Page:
$50.8 million allocated by the South Sudan Humanitarian Fund since the beginning of 2017 Deposits
In September, humanitarian organizations continued to experience a growing number of impediments in accessing conflict-affected people in many locations in South Sudan. 101 access incidents were reported by partners. About 65 per cent of the incidents involved violence against humanitarian personnel and assets.
In September, fighting and insecurity continued to force civilians out of their homes, particularly in Unity and Upper Nile. Many of those had been displaced several times in recent months. In Unity, fighting and insecurity in Koch, Mayendit, and Rubkona counties forced the relocation of aid workers, suspension of food distribution and medical evacuation of civilians. In Upper Nile, fighting in and around Aburoc, on the western bank of the River Nile, on 11 September, reportedly led to civilian deaths, displacement and forced the temporary relocation of aid workers.
In August, the number of South Sudanese seeking refuge in neighbouring countries reached the 2 million mark. Of those, 1 million are in Uganda. Fighting in the Equatorias and Upper Nile continue to displace thousands of people. According to health partners, the cholera outbreak was declining due to the multi-sectoral response in the affected areas.
In August, the number of South Sudanese seeking refuge in neighboring countries reached the 2 million mark, the highest number of refugees since South Sudan gained independence in 2011. Of those, 1 million are in Uganda. In August, thousands fled fighting in Yei, Kajo-keji, Kapoeta North, Mundri West, Morobo and Maridi counties. More people also fled to Ethiopia and Sudan following clashes in Aburoc and Pagak in Upper Nile during the month.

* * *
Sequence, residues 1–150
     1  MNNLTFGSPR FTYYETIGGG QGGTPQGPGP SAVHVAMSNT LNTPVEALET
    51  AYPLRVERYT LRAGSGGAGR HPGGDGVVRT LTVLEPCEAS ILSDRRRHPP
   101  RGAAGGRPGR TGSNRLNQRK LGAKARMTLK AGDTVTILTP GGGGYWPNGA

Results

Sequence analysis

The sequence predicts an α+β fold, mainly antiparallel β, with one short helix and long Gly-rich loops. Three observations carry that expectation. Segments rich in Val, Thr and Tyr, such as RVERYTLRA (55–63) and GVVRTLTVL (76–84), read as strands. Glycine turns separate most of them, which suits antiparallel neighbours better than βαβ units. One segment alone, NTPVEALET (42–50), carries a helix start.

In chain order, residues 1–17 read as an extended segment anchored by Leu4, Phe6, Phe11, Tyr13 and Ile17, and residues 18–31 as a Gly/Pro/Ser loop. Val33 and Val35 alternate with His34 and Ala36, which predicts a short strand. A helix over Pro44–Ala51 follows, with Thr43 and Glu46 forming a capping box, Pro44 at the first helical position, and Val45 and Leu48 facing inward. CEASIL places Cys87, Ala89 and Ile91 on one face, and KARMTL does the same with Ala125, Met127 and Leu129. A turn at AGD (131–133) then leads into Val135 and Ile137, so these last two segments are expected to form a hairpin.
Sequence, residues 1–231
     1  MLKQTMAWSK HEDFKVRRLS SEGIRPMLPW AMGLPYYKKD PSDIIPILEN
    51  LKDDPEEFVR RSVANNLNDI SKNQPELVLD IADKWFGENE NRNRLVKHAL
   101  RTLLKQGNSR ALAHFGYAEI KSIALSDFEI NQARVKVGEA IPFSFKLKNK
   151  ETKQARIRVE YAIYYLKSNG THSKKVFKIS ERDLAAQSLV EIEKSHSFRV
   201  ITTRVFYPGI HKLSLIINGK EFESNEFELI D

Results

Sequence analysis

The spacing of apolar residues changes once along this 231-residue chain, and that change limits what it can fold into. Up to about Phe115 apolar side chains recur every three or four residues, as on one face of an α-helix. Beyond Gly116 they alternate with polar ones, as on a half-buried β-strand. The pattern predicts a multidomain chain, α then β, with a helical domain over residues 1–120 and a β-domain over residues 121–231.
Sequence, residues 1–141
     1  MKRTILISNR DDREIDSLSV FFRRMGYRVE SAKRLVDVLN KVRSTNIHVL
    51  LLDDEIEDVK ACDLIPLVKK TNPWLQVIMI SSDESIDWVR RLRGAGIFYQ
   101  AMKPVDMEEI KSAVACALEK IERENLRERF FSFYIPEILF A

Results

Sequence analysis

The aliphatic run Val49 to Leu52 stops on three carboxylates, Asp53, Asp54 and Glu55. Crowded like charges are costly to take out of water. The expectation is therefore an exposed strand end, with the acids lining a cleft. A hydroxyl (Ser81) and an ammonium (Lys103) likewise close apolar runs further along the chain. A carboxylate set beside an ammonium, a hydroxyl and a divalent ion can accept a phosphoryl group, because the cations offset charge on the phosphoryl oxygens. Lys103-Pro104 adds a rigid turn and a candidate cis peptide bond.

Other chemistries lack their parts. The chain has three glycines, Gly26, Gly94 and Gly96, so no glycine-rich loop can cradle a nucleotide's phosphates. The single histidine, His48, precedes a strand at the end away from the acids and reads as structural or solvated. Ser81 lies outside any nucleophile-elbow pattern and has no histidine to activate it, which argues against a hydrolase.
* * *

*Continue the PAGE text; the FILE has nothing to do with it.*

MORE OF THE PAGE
$28.1 million approved for the 2017 second standard allocation to support most critical and time-sensitive life-saving activities in the second half of 2017
In July, fighting in the Greater Equatoria region and Upper Nile drove further population displacement. In Central Equatoria, government forces allegedly attacked a civilian settlement on the outskirts of Yei town, leaving many dead. More clashes were reported about five kilometres outside Yei town. Heavy fighting was also reported between opposition and government forces in Jalei, Kajo-keji County. In Western Equatoria, fighting between opposition and government forces was reported in Lanyi, Mundri West County, leaving dozens dead, including civilians.
In July 2017, 136 access incidents were reported by the humanitarian community in South Sudan. Out of these, 49 involved violence against personnel and assets, once again illustrating the increasingly dangerous and risky environment in which humanitarians are operating.
Food insecurity reached unprecedented levels in South Sudan in June, with an estimated 6 million people (50 per cent of the population) projected to be severely food insecure, including 1.7 million on the brink of famine. Although the mobilization of a large-scale multi-sectoral humanitarian response was able to halt the localized famine declared in Leer and Mayendit in Unity in February, 45,000 people were estimated to be facing Catastrophic (IPC Level 5) food insecurity. June saw an overall reduction in armed clashes compared to May.
Over 1.9 million people are in need of humanitarian assistance and protection in South Sudan and neighboring countries. Since the beginning of the conflict in December 2013, CERF has allocated nearly $263 million. With CERF support, UN agencies and partners have delivered $97 million worth of live-saving assistance in South Sudan and nearly $165 million to South Sudanese refugees in neighboring countries.